Published on: July 30, 2013

Ages: 3+

This is a sweet simple story about what makes a family. It makes use of illustrated pictures of the same house on the same urban street to show the passage of seasons and generations, from the cold wintery day a child's grandparents arrived in from Asia to the blooming summer day on which her baby brother is born.

Fine details in the same area, from changing pictures on the wall, to flowers on the bushes and food on the table, help a young reader understand the flow of time through one house. The beautiful soft colours and rosy-cheeked family members make reading through this a number of times a pleasure and not a chore.

This is a superb easy reader with a number of sight words and grade 1 vocabulary words. It was easy for my 6-year old to read through it, as there were also repeating words but with enough differences to add interest when learning new vocabulary (like "autumn").

The most unique aspects of this story are those that happen only in the illustrations. Co-sleeping, co-habiting multi-generation families, and inter-racial families are still rare in North America, and even rarer in storybooks. My kids were thrilled to have a picture book where the kids look like them, so I think this will be as big of a hit in our house as Spork has been.

Part of the Grade 1 curriculum is to look at family trees and how families are made, as well as introduce vocabulary for different relationships. This was a great book for us to spark discussion about what is different between this family and ours. I think it would make a great addition to the Grade 1 libraries at school and home.

Sep 17, 2013

Blog Tour: Shadows

Shadows (CAN, JP, US, INT)

Written by: Paula Weston

Published by: Tundra Books

Published on: September 10, 2013

Ages: New Adult

Provided by the publisher for review. All opinions are my own.

I am ecstatic to be the Japanese stop on the North American blog tour for Paula Weston's Shadows!

(No, don't consult your atlas, just suspend a little disbelief!)

Since Gaby's twin brother died in a horrible car crash she has been plagued with nightmares. Nightmares about fighting monsters in a nightclub far away from the beach town where she is healing mentally and physically. But what if the nightmare isn't just a dream? When the gorgeous Rafa shows up and his face is right out of her dreams, Gaby starts to question what is real and what isn't.

 That's when it starts to get interesting. Gaby learns about the supernatural world of the Rephaim and the monsters they fight. And fight they do! The action scenes are suspenseful and will have you holding your breath waiting for a resolution.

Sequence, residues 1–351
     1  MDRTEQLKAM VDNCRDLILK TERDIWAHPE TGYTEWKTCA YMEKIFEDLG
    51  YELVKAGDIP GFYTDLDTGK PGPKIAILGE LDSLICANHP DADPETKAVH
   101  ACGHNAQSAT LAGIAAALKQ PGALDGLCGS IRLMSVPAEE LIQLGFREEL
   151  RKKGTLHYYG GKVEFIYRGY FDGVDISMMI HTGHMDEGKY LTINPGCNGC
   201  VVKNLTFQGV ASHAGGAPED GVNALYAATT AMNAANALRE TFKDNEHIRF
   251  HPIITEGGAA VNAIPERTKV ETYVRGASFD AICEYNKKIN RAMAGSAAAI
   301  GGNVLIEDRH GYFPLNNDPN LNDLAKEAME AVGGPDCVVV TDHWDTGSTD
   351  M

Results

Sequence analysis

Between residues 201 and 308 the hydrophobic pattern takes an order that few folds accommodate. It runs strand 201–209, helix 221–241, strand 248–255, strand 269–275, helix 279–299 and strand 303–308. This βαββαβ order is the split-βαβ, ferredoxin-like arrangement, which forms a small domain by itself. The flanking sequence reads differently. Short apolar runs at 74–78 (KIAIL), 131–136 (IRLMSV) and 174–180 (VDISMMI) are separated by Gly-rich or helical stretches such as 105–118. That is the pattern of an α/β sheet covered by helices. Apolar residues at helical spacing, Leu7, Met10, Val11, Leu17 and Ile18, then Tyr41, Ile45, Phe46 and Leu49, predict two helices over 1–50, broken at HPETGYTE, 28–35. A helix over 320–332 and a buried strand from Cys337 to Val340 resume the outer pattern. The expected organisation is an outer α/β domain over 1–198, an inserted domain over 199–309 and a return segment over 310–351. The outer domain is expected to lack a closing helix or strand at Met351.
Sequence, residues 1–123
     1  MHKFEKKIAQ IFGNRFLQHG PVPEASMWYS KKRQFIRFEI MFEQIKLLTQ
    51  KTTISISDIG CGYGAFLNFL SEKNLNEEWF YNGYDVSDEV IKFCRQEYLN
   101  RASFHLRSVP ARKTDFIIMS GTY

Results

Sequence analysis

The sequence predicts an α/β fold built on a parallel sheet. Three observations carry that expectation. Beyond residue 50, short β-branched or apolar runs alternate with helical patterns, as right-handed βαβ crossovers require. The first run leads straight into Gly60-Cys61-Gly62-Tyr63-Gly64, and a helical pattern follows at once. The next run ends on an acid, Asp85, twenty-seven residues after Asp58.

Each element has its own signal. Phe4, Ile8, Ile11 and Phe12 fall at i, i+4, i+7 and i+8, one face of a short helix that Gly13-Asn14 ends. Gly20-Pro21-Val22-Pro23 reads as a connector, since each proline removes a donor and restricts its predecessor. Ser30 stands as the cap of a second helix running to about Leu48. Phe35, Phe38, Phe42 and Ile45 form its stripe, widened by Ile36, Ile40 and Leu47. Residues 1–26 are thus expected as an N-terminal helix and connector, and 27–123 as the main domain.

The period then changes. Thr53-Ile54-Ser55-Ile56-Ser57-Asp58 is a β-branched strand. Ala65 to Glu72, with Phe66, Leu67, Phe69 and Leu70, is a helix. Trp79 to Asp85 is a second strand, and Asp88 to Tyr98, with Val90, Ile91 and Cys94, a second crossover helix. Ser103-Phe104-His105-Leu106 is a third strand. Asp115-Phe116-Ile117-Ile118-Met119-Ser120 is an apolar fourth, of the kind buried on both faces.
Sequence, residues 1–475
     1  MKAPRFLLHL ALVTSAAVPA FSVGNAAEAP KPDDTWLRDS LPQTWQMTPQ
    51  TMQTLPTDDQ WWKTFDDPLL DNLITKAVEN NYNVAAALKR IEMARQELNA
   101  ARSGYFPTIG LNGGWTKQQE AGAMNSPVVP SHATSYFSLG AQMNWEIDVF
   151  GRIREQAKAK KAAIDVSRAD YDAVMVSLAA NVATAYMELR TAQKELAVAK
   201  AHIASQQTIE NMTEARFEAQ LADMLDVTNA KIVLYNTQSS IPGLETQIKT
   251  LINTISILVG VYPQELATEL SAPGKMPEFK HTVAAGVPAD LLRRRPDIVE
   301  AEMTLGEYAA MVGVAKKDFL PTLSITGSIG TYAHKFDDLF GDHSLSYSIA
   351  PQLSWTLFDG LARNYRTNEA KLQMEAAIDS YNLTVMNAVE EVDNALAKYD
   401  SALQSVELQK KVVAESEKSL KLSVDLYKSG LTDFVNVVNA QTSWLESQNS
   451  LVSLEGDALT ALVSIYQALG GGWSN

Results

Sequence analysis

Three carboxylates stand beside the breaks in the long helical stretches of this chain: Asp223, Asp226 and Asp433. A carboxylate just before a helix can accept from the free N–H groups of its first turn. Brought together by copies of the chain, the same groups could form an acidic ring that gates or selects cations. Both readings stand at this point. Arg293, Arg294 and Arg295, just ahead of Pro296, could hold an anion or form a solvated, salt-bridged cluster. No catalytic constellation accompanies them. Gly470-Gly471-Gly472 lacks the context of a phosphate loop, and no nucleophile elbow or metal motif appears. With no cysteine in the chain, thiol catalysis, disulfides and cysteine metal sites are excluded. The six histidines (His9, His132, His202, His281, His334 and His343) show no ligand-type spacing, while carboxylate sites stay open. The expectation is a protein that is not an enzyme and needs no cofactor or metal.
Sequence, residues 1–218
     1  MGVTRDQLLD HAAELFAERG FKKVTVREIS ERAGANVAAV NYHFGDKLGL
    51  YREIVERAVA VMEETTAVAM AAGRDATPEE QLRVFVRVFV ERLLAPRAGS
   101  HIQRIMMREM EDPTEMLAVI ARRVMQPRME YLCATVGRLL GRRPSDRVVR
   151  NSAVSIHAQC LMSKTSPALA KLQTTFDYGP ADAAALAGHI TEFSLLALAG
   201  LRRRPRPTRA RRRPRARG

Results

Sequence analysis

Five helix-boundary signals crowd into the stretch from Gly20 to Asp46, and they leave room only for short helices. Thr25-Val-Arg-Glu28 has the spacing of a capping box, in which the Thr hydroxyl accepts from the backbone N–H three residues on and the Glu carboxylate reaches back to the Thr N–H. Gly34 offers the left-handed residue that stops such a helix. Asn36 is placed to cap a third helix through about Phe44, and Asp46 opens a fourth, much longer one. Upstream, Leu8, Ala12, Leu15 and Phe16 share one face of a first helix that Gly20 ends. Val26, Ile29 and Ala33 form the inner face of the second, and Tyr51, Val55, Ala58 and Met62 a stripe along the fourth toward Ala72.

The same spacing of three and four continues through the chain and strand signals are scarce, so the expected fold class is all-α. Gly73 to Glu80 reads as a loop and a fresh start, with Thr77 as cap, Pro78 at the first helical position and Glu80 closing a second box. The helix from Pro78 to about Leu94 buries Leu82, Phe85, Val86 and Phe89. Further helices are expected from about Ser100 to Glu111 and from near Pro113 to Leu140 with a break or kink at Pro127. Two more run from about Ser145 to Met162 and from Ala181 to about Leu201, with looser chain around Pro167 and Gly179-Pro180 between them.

Weston does a fantastic job mixing the supernatural world with a really realistic small beach town of people who are shocked at what is in their midst. It feels like there is a really strong ensemble cast, and we got to meet a lot of interesting people from the Aussie town and those who are part of the Rephaim. Since this is a series and not just a trilogy I hope that the next books are going to explore Gaby's friends on both sides and get more backstory. The politics of the realm of the Angels contrasts really well to that in the town and I can't wait to see that play out!

What really makes this story for me, though, is the character development of Gaby. It's rough to lose your twin and best friend, but even rougher is that Gaby feels like in ways she is losing herself. The person she thinks she is, or who she has become, is not who others think she is. Rafa challenges her to blend her old self with her new, and Gaby is able to do that pretty convincingly, and without a lot of angst. She likes who she is now, even if she doesn't like the uncertainty of having inauthentic memories. That's what takes it a cut about a regular YA supernatural romance. Gaby and her friends are slightly older than that as well, and they act it. Even Rafa, whose chemistry with Gaby is amazing even if he does have a nasty habit of disappearing without saying anything (I'd like to have a word with him about that!!).

The next book in the Rephaim series, Haze, will be released next September. I cannot wait. More Gaby! More Rafa! More action!

Check out these other fabulous book bloggers who are posting about Shadows today!

Sep 16, 2013

Northwest Passage

Northwest Passage (CAN, JP, US, INT)

By: Stan Rogers and Matt James

Published by: Groundwood Books

Published on: September 10, 2013

Ages: 8+

Provided by the publisher for review. All opinions are my own.

I picked this book as one of my Most Anticipated Picture Books of 2013 because I knew it was an adaptation of a classic Canadian folk song that I love.  Besides, look at that gorgeous cover! I want that on my living room wall.

But I didn't realize how much more there is in this book.

The Stan Rogers song, Northwest Passage, is just a jumping off book for a fascinating mystery that is still unsolved today; the mystery of the Franklin Expedition of the 1840s. So many issues that affect Canada past and present, from technology and geography, to relations with the First Nations peoples and the effects of climate change are included in this engaging second layer of story telling. The fact that the Erebus and well-named Terror have still not been found adds extra interest for young people.